Summertime Pasta & Corn Salad

Who doesn’t love a pasta salad with a light, yet creamy dressing? This herby salad has it all. Better still, you can make your own creamy dressing (think Greek yogurt, cilantro or other herbs, lime, s/p) or just use your favorite ranch. I used a Sriracha Ranch from a local restaurant, F.A.R.M Cafe in Boone. The dressing from the squash salad above would be fab with this. The salad is terrific the next day.

Ingredients:
1 lb cooked pasta (I used trottole, but any spiral or shaped pasta will do)
1 cup cooked fresh corn (the sweeter the better)
1 cup cherry tomatoes, halved
1/4 red onion, finely diced
1 cup fresh cilantro
Handful fresh chives (optional)
Salt/pepper to taste
Your favorite creamy dressing.
Cook pasta, drain, add the rest of the ingredients to a bowl and toss. Pour enough over to cover well but not drench. You can always add more, right? Toss and enjoy.

I hope you enjoy these summery salads. Any one would be great with the addition of some protein to turn it into more of an entree. If you try them let me know!

Chicken Schnitzel w/ Sweet Mustard Sauce

We’re really enjoying playing around with NC’s Lusty Monk Mustard. Keeping following along as we get creative with this delicious local condiment that can be used in so many ways. Head over to Instagram to enter a giveaway for a trio of their flavors, Original Sin, Sweet Temptation, and Burn in Hell.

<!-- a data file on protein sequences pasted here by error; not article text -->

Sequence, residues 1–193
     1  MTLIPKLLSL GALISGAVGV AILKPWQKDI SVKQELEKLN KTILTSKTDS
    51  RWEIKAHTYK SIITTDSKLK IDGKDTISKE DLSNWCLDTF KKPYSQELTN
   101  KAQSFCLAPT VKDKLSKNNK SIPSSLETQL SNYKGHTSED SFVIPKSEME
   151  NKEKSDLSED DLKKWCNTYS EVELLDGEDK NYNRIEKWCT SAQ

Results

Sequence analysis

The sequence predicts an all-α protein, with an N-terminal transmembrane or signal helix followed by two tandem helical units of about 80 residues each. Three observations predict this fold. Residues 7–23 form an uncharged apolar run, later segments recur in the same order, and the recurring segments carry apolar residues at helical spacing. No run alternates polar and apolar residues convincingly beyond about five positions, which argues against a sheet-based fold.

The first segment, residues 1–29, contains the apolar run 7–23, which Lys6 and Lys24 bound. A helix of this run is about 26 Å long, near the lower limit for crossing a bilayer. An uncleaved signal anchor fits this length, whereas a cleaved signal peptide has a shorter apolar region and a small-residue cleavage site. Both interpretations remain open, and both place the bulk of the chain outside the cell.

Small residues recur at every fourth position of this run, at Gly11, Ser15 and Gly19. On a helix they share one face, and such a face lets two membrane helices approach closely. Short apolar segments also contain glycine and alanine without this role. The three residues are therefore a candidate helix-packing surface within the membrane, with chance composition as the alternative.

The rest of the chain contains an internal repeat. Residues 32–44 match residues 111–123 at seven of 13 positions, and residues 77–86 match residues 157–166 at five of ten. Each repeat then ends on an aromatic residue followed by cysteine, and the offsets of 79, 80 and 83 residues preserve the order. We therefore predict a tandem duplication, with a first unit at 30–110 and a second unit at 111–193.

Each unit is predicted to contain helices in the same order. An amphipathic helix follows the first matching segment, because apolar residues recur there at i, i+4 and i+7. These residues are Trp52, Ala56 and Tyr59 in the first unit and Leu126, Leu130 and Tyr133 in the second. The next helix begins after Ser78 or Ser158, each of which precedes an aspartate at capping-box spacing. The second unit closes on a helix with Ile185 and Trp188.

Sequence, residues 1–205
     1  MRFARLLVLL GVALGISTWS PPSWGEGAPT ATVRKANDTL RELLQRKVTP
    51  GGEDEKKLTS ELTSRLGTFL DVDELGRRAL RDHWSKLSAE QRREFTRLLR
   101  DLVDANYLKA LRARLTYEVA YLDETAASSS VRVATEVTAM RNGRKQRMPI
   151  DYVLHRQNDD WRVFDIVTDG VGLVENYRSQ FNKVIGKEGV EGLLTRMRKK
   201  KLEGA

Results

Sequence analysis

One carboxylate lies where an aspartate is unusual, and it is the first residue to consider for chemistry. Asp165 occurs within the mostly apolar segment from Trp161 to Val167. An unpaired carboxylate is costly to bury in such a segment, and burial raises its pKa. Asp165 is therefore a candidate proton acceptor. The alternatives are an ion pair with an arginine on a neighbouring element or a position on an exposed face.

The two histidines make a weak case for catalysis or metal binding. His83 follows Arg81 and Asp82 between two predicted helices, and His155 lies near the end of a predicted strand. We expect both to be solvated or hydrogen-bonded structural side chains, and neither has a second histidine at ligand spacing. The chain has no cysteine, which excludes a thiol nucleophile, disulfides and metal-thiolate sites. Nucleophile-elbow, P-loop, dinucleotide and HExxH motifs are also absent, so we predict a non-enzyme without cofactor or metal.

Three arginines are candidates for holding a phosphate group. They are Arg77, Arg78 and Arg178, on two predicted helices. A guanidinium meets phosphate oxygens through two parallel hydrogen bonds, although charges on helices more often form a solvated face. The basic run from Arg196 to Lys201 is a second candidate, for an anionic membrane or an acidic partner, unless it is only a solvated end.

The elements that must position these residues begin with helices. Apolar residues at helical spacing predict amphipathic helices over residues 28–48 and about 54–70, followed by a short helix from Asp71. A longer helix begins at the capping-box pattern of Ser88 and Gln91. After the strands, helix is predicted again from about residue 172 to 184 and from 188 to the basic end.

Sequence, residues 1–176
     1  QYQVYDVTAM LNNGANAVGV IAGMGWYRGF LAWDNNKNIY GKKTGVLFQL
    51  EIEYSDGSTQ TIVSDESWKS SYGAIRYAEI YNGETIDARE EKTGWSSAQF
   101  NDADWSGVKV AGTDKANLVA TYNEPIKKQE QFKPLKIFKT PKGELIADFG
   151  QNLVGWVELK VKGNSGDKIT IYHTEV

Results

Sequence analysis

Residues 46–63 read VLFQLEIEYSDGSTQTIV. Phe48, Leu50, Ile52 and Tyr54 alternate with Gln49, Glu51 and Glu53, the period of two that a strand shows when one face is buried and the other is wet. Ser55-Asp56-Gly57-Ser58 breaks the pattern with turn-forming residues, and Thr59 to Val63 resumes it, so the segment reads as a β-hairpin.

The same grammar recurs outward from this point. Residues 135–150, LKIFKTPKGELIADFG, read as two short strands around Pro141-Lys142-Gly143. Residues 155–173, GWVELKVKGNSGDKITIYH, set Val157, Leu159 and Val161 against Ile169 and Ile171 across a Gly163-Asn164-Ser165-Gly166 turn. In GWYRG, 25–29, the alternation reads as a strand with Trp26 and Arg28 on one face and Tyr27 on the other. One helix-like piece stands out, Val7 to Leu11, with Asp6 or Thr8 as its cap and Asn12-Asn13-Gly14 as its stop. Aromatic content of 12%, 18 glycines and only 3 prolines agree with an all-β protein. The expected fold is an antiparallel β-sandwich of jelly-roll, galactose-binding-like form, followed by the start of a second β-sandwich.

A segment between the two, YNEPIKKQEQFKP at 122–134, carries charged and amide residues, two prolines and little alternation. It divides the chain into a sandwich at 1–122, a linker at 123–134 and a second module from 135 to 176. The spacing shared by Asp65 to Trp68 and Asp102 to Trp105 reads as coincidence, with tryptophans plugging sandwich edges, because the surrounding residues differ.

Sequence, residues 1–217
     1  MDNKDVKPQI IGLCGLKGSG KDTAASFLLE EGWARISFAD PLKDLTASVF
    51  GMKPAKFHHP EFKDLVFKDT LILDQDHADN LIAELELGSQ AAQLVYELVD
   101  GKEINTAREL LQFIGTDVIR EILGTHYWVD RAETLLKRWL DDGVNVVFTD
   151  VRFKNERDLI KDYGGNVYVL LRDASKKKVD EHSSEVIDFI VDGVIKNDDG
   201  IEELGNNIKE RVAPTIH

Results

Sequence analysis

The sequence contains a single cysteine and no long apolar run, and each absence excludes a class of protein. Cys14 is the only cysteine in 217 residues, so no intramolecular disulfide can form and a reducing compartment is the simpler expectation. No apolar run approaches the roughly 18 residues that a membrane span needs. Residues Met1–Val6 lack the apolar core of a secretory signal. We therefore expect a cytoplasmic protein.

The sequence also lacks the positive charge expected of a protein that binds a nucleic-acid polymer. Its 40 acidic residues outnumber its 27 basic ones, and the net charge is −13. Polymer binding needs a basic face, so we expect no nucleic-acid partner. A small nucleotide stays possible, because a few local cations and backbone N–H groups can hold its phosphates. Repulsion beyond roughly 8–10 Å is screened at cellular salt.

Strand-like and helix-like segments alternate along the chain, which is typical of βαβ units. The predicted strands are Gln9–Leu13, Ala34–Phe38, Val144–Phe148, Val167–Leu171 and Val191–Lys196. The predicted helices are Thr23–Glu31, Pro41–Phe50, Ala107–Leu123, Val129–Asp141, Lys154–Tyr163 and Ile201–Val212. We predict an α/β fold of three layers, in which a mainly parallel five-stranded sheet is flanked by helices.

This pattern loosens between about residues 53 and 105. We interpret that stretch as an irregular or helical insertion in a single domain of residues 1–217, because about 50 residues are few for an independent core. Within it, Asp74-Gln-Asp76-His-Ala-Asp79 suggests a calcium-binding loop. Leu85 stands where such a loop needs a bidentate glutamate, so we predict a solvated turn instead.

I just love a crispy schnitzel. Be it chicken, veal or pork, if it’s fried perfectly crispy, I’m here for it. This schnitzel pairs perfectly with the creamy, slightly sweet and spicy mustard sauce and it’s like grown up chicken tendies wtih honey mustard dipping sauce and that my friends, is another blog post that is a throwback to a childhood favorite. In case you missed it, we have Corn Dog Minis here.
Note: I bread my schnitzel or fried cutlets a bit differently. Lately, I do not dredge in flour. It gets perfectly crispy without the flour and the crispy coating actually sticks better to the chicken if you don’t do it. But if you’re a diehard believer in the flouring first, by all means, you do you.

Ingredients:

4 chicken cutlets, about 1/3 inch thick (or as many as you need). I took chicken breasts and sliced it through the middle horizontally along its equator.